of media that deliver text, audio, images, animation, and streaming video, and includes technology applications and processes such as audio, CD-ROM, and computer-based learning, as well as local intranet/extranet and web-based learning. Current ways of learning bear absolutely no resemblance to the old ‘sit-in-front-of-a-computer days’. Learning can occur in or out of the classroom. Successful eLearning depends on the selfmotivation of the individual to study effectively and may be instructor-led. Essentially though, eLearning is suited to a combination of distance learning and flexible learning, but it can also be used in conjunction with face-to-face teaching, in which case the term blended learning is commonly used. One of the impacts of the economic situation has been a fresh look at the potential savings of using eLearning. Some of the “In addition to lower delivery benefits include: costs, eLearning is much more n Lower costs n Faster delivery effective because there is a n Matching learning styles to reduction in training time... participants n More effective learning known as learning compression” n Lower environmental impact There appears to be little argument that eLearning can be more cost-effective to deliver than classroom-based training, especially for larger organisations. You do not have to take staff out of the workplace, so it’s cheaper and it is self-paced so staff can work at their own speed. It is also inclusive. If you have staff who have any kind of disability such as mobility issues, sight issues or hearing issues, eLearning can be a way to deliver training while meeting their access needs.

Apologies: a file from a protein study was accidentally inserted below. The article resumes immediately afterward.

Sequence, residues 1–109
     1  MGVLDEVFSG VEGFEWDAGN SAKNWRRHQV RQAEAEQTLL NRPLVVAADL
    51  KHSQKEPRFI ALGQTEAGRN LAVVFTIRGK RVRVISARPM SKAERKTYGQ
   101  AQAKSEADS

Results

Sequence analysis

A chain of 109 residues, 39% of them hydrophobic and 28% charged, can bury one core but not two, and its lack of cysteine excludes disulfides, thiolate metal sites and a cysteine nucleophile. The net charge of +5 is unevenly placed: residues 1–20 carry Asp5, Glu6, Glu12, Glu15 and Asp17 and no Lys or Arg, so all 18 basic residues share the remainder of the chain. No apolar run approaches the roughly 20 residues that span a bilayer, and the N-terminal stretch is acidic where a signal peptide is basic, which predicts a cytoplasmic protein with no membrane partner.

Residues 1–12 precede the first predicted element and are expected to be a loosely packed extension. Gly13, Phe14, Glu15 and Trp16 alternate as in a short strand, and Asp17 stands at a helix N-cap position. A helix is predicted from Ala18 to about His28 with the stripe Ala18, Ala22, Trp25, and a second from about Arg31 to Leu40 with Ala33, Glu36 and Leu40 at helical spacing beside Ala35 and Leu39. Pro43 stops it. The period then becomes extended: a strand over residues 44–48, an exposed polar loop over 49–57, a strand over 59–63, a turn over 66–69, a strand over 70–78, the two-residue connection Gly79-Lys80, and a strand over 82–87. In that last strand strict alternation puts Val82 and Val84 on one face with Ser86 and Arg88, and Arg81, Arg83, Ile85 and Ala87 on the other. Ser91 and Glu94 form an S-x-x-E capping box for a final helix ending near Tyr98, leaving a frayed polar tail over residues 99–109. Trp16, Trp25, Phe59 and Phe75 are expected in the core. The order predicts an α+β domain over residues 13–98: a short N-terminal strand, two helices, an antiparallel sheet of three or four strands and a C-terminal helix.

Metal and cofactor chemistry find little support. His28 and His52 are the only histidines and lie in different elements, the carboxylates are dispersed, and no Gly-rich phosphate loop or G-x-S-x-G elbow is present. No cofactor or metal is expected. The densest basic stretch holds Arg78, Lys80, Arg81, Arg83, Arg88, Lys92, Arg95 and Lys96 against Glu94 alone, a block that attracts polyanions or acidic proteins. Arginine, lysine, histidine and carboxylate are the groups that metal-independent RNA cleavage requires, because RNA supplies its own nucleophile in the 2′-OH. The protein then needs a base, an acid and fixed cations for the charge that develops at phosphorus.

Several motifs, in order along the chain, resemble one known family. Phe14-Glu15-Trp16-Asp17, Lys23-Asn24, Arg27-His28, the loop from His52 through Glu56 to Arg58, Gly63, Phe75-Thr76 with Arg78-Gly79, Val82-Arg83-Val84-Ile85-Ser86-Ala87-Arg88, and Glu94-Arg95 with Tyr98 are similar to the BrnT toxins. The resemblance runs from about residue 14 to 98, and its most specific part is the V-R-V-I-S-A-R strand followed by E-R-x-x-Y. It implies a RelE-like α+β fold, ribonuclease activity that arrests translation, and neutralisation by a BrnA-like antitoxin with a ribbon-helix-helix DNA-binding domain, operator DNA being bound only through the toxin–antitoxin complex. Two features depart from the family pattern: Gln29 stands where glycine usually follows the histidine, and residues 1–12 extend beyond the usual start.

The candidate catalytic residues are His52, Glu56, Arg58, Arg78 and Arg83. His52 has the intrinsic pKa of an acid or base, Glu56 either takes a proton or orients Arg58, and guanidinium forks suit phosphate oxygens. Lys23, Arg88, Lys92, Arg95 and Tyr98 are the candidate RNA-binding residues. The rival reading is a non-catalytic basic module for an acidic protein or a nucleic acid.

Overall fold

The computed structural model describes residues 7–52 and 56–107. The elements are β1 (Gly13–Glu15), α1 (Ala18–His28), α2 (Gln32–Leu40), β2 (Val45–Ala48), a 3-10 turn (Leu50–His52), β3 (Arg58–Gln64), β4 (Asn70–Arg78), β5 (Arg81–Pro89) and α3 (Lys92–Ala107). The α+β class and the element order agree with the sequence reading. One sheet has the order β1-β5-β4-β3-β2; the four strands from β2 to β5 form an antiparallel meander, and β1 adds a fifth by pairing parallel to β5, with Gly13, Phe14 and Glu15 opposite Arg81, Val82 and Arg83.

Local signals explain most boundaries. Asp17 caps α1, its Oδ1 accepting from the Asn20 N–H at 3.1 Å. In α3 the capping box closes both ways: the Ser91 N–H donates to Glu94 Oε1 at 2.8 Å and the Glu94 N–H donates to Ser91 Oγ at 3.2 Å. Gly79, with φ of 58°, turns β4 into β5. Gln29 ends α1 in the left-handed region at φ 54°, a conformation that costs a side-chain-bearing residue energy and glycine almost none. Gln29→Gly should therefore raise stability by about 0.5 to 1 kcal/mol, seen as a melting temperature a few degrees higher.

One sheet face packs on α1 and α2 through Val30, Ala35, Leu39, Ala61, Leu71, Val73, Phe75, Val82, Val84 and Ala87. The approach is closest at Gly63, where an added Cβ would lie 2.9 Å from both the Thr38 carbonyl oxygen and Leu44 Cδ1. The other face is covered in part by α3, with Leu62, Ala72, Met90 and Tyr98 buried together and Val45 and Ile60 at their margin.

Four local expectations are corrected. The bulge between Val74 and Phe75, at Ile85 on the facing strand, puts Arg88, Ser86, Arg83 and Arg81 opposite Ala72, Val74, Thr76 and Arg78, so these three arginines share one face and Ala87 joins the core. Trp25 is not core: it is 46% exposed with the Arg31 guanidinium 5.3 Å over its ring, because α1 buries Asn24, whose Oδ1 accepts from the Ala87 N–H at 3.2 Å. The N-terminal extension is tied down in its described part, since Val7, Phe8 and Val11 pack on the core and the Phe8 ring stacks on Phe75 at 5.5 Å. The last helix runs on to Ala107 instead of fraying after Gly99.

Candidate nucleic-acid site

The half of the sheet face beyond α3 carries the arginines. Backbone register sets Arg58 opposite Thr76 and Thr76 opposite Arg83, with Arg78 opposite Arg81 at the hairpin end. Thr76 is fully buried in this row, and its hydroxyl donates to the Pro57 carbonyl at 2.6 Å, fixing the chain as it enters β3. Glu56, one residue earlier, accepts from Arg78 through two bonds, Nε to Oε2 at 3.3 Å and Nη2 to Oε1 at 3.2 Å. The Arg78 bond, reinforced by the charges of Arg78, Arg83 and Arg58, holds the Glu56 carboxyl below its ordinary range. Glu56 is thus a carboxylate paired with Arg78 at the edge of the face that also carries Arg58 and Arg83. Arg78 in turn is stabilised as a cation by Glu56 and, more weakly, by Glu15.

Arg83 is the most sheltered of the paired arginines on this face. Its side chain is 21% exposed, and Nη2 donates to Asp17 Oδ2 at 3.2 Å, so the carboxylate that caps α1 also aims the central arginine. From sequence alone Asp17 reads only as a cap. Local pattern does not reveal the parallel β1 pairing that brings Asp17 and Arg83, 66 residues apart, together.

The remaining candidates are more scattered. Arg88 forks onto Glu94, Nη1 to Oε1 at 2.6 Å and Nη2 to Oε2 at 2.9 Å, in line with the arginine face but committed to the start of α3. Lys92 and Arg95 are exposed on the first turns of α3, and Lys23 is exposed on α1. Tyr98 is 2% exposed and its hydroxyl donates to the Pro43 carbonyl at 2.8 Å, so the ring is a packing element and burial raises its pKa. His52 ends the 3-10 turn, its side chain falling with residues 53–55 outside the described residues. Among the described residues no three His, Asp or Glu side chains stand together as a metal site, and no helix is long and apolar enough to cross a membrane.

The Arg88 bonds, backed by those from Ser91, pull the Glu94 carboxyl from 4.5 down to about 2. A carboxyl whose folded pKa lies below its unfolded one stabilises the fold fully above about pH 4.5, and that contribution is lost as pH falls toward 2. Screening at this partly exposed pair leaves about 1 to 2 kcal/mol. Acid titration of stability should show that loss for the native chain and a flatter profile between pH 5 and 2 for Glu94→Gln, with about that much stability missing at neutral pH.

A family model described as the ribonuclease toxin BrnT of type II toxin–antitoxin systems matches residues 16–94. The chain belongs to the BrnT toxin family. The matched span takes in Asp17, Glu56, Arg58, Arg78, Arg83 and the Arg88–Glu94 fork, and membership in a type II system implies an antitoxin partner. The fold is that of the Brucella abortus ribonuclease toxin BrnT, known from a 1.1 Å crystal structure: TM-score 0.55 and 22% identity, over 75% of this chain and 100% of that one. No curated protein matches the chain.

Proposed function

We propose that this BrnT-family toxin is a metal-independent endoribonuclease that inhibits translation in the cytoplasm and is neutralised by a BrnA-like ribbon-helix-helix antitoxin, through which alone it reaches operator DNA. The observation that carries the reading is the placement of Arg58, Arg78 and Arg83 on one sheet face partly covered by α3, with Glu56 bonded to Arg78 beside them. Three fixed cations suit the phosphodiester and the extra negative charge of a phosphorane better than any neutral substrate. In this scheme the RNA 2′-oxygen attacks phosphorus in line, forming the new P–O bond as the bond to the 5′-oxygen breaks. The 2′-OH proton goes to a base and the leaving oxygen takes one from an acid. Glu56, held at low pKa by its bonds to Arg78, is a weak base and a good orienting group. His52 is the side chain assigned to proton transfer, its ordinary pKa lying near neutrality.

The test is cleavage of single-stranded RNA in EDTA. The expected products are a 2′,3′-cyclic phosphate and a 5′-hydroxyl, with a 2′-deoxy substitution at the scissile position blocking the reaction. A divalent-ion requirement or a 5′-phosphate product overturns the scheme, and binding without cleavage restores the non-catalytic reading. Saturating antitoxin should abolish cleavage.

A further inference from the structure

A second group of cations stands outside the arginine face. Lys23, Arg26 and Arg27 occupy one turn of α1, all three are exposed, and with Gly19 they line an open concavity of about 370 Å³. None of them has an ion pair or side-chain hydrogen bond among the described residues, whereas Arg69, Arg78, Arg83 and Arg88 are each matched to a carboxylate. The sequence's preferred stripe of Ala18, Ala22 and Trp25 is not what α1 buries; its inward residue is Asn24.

About the author: Pauline Dingwall Pauline was a long-serving public servant, with a career encompassing roles with the Scottish Office, Lothian Council, Highland Council, Manpower Services Commission and Highlands & Islands Enterprise over a period of more than 30 years. Pauline is now the HR and operations director of eColl Ltd and of P2Partners, a board member of Albyn Housing, and also as a non-exec Director of Birchwood Highland a third sector organisation based in the Highlands. Her main areas of expertise are HR and H&S, but she has a passion for developing people and has wide experience in that area by development and delivery of direct training courses, identifying and applying competency programmes and writing self-paced modular on-line learning programmes. She has wide experience in developing organisations, working with quality standards and ensuring organisations have appropriate corporate governance in place. She is a Chartered Fellow of CIPD, a member of the Institute of Directors, a member of the UHI Foundation and is a committee member of the Highlands & Islands Branch of the IoD.